"I can't imagine what would have happened if we didn't lower the lakes," he said. "If I got a foot and a half over my bulkhead after lowering the lake, I know houses would've been flooded (had it not)."

Since the storm, Baily said he has not received any reports of injuries or serious flooding along the Collings Lakes.

Buena Vista Mayor Chuck Chiarello said Collings Lakes, despite a broken spillway from August's storms at the Cushman Lake dam, escaped worse flooding.

But Fred Akers, administrator of the Great Egg Harbor River Council and Watershed Association, said not all damkeepers are so vigilant.

Akers said dams on private land are the responsibility of property owners. Although a breach could potentially affect hundreds or thousands downstream, he said little government aid is available for their maintenance.

"Whether (the dam owners) embrace the responsibility of maintaining or managing the dam or not depends on individual ethics," he said.

And most dams, regardless of ownership, are too small to accommodate increases in runoff from development, Akers said.

In 2004, the DEP referred seven dams in Atlantic and Cumberland counties to the state Attorney General's Office for alleged violations of the state's Dam Safety Act. One of those dams, the Sunset Lake Raceway dam in Bridgeton, failed after Hurricane Irene.

Watching her centuries-old dam in Egg Harbor Township is a responsibility Foster takes seriously.

If the water level in the pond rose too fast, Foster said, her neighbors upstream could be flooded. If water flowed too quickly through the locks, neighbors downstream would experience a sudden wave of water.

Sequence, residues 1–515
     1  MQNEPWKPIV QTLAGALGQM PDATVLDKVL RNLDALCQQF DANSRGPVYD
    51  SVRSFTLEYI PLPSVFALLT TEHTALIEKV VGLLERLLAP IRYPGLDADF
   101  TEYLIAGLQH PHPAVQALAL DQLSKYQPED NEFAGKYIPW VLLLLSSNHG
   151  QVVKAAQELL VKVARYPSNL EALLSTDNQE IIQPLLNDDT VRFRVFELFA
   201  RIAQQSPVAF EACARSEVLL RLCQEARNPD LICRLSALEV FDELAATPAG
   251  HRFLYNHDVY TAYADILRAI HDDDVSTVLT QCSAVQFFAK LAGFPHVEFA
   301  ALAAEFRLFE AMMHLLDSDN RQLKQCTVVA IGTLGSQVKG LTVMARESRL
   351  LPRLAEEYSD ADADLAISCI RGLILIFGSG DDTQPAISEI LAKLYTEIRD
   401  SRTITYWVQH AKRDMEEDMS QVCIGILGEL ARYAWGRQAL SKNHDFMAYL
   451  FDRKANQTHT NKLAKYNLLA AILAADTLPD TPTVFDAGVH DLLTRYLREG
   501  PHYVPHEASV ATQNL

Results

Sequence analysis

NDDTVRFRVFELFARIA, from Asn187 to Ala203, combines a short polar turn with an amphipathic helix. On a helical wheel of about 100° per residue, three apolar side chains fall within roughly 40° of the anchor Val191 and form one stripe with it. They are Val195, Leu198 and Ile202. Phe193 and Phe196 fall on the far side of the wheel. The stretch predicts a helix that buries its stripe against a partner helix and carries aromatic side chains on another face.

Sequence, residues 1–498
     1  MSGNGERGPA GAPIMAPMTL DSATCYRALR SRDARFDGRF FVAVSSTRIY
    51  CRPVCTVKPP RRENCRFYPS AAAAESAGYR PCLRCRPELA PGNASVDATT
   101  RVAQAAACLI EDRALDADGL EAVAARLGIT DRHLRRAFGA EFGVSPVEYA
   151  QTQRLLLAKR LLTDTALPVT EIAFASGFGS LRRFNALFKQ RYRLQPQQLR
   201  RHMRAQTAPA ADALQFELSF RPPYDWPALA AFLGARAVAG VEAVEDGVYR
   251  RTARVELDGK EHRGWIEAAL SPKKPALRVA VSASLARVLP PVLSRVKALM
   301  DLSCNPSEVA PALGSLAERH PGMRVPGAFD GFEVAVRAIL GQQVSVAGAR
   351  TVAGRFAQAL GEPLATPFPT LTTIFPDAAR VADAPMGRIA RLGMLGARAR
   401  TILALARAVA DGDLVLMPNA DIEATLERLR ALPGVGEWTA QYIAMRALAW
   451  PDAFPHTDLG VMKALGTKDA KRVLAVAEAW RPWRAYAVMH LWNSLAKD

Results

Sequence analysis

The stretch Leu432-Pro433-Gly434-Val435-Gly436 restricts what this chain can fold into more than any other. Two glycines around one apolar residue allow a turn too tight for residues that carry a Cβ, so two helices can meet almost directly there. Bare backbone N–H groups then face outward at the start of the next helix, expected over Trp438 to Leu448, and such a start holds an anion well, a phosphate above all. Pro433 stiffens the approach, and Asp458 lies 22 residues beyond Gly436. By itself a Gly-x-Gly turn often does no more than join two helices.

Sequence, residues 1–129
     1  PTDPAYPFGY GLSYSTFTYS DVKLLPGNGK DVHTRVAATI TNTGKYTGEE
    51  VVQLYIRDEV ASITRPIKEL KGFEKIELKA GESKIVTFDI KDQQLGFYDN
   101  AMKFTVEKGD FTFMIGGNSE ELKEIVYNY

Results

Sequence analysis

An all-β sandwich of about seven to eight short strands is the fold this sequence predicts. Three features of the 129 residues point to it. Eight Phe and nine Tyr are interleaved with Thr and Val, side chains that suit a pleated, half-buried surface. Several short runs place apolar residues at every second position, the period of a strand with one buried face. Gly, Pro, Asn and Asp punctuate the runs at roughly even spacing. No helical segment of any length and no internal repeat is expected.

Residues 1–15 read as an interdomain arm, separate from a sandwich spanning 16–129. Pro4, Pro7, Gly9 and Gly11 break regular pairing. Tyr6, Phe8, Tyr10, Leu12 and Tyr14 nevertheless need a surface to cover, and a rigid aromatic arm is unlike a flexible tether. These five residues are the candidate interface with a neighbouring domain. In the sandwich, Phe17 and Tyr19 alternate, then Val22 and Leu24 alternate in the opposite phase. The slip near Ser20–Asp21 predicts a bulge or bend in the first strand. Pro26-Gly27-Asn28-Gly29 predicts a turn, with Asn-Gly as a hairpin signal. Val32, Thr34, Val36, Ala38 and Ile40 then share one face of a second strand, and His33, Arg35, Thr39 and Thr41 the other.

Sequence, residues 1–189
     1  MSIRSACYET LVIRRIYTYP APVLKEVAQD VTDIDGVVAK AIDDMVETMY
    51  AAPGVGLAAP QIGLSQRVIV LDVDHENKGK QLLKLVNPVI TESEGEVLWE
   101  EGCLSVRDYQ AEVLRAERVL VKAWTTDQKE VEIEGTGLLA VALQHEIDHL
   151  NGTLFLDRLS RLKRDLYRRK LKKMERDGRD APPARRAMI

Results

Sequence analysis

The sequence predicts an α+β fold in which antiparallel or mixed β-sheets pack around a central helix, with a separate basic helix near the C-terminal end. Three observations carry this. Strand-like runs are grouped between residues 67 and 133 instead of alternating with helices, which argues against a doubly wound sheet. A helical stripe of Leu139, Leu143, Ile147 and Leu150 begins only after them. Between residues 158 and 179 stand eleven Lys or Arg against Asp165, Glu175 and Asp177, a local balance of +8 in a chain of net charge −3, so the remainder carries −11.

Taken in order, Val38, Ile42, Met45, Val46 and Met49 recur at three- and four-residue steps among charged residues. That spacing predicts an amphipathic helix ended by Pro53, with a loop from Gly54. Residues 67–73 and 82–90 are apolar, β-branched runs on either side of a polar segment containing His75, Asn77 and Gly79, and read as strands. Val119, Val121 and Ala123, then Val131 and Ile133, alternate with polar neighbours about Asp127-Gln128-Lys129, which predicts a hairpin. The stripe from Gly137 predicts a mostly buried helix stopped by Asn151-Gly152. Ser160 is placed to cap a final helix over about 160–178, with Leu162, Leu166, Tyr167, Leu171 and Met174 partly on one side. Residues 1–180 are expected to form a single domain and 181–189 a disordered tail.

"Before the storm, I got out the crowbar and started pulling the planks," she said. "I lowered the pond level another nine inches because we were told to expect about 10 inches of rain."

But Foster said the situation was also out of her control. If the tides came in too fast or too high, water would back up English Creek to the dam, leaving pond water with nowhere to go.

Foster's partner, Ventnor-based attorney Frank Ferry, said liability is a concern, but any lawsuits would likely be dismissed on the grounds that any damage would be attributed to a natural disaster.

The same water that flowed through their spillway damaged a section of a bridge on Somers Point-Mays Landing Road one mile south of the dam, which remained closed Thursday. The adjacent Zion Road bridge, however, was not damaged.

On Saturday night, Foster waited on her screened-in porch, ready to act if the water came too quickly.

"I wanted to be in position to do more to save my house if I had to," she said. "I didn't want any surprises."

Despite English Creek's detour through Foster's front yard and the resulting cleanup, Foster said the worst-case scenarios - a high tide pushing water upstream or rain coming too fast for the dam to handle - didn't happen.

For all her anxiety, Foster said Ferry slept through the worst of the storm.

"Frank slept through the whole thing while I sat there by my oil lamp listening to weather reports," she said.

"I can sleep in the dental chair," Ferry said. "That night, Audrey was on guard."

Contact Wallace McKelvey: